From: Biniam Tekle (firstname.lastname@example.org)
Date: Mon Feb 21 2011 - 21:43:47 EST
Yemeni president rejects call for resignation
By Iona Craig, Special for USA TODAY
Updated 2m ago
SANA, Yemen — Yemen's longtime leader rejected a demand Monday that he
resign and described demonstrations against his regime as unacceptable acts
of provocation as thousands of Yemenis protested in four cities.
President Ali Abdullah Saleh offered to have a dialogue with protesters who
want him to step down but members of the opposition said, "No."
"We want free elections, a free press and to replace the constitution," said
Adil Al-Aswar, a member of a committee set up to coordinate the protest
movement. "We are not afraid. The chief of police came and spoke to us and
said we would be safe and protected here."
Al-Aswar said thousands of protesters outside Sana are marshalling supplies
such as food, water and medical care to prepare for a long standoff. The
aim, he said, is the fall of the regime.
Protesters were expecting tribesmen from Marib, Al-Jawf and Sa'adah to join
them, Al-Aswar said. Several hundred tribesmen from Arhab arrived at Sana
University Monday to support protesters.
But Nasser Shaker, a member of Saleh's Hashid tribe, blamed the leading
member of the Islamic party, Hamid Al-Ahmar, for stirring up protests to
"Al-Ahmar wants to kill the people and he is paying these people (pointing
down the street to the anti-government protesters) to oppose the president
so he can gain power," he said. "All Al-Ahmar wants is power."
Shaker said chaos will follow if Saleh is pushed out.
"He has made reforms and wants dialogue with the opposition but now they are
the ones refusing to negotiate," he said.
At least 11 people have been killed since anti-government protests erupted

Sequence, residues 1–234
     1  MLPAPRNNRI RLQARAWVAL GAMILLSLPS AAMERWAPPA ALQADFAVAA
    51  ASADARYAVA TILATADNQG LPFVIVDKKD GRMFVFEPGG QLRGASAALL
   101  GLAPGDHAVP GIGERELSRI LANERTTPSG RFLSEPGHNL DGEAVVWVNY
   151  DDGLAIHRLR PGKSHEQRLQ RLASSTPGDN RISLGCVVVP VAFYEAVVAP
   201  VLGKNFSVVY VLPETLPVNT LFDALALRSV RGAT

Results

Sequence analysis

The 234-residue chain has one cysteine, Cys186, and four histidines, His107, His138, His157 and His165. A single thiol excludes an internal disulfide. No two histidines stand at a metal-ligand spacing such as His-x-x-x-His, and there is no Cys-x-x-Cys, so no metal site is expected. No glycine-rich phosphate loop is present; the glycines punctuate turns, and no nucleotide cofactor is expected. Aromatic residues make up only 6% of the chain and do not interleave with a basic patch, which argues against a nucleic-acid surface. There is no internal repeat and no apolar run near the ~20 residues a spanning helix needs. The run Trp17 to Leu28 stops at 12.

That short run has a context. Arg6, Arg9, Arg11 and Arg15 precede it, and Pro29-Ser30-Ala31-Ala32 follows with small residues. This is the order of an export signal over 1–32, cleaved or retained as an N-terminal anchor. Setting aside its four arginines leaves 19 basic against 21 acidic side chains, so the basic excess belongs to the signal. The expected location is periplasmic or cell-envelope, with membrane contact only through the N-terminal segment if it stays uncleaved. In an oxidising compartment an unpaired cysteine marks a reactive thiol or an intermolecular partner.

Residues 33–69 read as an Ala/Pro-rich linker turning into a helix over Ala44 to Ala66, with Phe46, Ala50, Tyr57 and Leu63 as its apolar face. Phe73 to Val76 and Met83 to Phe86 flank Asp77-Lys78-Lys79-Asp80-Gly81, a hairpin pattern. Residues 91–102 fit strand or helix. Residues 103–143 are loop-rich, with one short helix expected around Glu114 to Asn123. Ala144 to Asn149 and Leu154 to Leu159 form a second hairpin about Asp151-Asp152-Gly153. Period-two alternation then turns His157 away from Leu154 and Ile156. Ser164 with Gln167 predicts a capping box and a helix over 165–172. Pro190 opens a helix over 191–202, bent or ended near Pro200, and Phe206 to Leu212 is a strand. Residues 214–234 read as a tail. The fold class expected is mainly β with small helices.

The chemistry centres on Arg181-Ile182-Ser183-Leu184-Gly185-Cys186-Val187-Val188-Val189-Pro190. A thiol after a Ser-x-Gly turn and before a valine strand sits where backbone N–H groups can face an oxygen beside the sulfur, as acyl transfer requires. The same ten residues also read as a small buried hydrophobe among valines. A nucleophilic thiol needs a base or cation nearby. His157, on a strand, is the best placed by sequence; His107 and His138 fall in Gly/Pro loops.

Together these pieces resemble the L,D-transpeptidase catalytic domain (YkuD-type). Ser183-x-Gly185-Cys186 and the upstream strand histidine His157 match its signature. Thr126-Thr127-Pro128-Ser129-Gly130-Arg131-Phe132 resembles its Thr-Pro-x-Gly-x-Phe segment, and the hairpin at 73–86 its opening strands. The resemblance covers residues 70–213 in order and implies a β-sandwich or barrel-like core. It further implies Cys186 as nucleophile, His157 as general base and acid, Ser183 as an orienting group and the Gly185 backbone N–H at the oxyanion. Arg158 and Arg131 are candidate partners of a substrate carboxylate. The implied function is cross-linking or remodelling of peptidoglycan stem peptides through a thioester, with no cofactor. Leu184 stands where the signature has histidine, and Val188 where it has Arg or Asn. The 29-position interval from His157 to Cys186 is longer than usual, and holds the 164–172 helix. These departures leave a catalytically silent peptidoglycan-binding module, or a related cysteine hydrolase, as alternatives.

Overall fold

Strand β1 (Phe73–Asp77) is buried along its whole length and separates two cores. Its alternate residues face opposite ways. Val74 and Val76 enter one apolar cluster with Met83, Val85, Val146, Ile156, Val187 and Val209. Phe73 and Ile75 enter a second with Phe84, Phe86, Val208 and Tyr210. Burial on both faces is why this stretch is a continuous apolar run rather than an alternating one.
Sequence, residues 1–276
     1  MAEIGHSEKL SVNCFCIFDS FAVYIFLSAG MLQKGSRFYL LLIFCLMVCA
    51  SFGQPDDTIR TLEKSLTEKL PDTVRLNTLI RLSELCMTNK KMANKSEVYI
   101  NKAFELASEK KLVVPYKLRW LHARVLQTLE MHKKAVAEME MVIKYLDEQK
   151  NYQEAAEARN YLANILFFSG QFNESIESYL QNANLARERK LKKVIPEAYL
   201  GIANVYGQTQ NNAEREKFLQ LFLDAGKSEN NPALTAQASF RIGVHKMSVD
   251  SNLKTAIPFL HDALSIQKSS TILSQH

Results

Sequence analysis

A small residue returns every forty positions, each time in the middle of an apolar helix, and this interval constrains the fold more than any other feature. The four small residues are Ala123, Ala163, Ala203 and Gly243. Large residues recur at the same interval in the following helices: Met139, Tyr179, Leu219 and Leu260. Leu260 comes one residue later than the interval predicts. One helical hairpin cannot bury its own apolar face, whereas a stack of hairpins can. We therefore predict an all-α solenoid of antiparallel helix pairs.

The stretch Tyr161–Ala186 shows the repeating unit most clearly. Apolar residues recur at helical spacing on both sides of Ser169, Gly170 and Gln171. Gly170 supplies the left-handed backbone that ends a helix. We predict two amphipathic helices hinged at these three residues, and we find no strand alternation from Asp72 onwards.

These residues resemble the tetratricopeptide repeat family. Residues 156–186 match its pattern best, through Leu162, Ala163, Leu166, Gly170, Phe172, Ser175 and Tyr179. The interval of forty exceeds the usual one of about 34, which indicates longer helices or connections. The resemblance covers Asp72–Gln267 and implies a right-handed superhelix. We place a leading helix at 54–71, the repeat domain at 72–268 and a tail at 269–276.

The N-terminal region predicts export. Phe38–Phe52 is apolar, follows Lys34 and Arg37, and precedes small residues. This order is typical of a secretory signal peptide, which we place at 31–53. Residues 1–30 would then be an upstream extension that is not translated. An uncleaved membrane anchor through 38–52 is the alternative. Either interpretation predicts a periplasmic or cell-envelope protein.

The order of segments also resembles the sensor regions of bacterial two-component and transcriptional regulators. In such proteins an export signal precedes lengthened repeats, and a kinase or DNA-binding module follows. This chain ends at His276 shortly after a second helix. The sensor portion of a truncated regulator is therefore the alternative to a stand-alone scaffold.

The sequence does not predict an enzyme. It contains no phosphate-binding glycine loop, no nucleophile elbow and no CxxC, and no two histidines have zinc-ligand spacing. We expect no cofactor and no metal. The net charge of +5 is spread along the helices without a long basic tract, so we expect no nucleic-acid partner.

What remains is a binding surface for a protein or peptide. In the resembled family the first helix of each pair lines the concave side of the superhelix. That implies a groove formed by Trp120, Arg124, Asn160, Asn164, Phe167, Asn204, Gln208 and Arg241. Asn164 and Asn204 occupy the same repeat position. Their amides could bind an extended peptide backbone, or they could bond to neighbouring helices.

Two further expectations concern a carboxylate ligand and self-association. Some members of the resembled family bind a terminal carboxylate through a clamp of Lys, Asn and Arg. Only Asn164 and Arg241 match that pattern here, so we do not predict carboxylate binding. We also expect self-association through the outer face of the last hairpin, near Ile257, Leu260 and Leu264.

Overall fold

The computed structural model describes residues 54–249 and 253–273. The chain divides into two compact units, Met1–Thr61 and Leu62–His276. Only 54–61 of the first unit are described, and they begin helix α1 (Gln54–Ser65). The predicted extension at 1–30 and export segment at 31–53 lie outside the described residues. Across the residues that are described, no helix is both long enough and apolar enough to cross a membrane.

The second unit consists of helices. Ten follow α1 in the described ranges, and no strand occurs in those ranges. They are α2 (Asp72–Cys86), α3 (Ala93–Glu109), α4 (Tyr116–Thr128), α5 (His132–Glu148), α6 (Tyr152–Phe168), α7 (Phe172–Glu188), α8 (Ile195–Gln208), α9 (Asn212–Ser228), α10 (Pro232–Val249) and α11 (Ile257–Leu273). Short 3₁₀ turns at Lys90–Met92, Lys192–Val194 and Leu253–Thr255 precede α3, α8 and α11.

earlier this month, including a youth shot dead Monday, medical officials
said. Saleh said he has ordered troops not to fire at anti-government
protesters, except in self-defense.
In the city of Taiz, tens of thousands of protesters rallied in the central
square. "We will not leave this place until the downfall of the regime,"
activist Ahmed Ghilan said.
Thousands also rallied in the port city of Aden. Police fired in the air to
disperse demonstrators in public squares.
A large rally was reported in Saada, near the Saudi border. The area has
seen fighting between government forces and Shiite rebels who oppose
Saleh said Monday that government opponents are a small minority and that
those who want to see him leave should compete in elections. The next
scheduled vote is in 2013.
"It's an infection that came from Tunis to Egypt and other countries," he
said. "It's like influenza. The influenza if you sit with somebody it
"Our people are smart people, they are cultured people, they know how to
differentiate between bad and good," he said. "These are copiers."
In Bahrain, an opposition figure accused by the rulers of plotting against
the state was to return from London, aide Abbas Omran said Monday. Hassan
Meshaima, head of a group known as Haq, is scheduled to arrive as the
Bahrain monarchy is trying to hold talks to ease a week-long series of
Meshaima is considered by Bahrain as a potential enemy of the state. He and
another London-based opposition leader are being tried in absentia among a
total of 25 Shiite activists accused of plotting to overthrow Bahrain's
Hundreds of protesters spent the night in Pearl Square — which has become
Bahrain's version of Cairo's uprising hub Tahrir Square — and thousands of
government opponents gathered at the site during the day. People lined up
for hot tea and tents were being set up.
The uprising forced Formula One organizers to call off next month's Bahrain
Grand Prix, a top international sporting event.
In Algeria, 500 students rallied the capital of Algiers near the ministry of
higher education in defiance of a ban on public gatherings.
The students want the government to scrap a new law that dilutes the value
of their diplomas by giving equal status to less-qualified degree holders in
the job market.
They said they were beaten bloody with police sticks.
President Abdelaziz Bouteflika has promised to lift a 19-year-long state of
emergency, including the ban on public gatherings.
*Contributing: The Associated Press *
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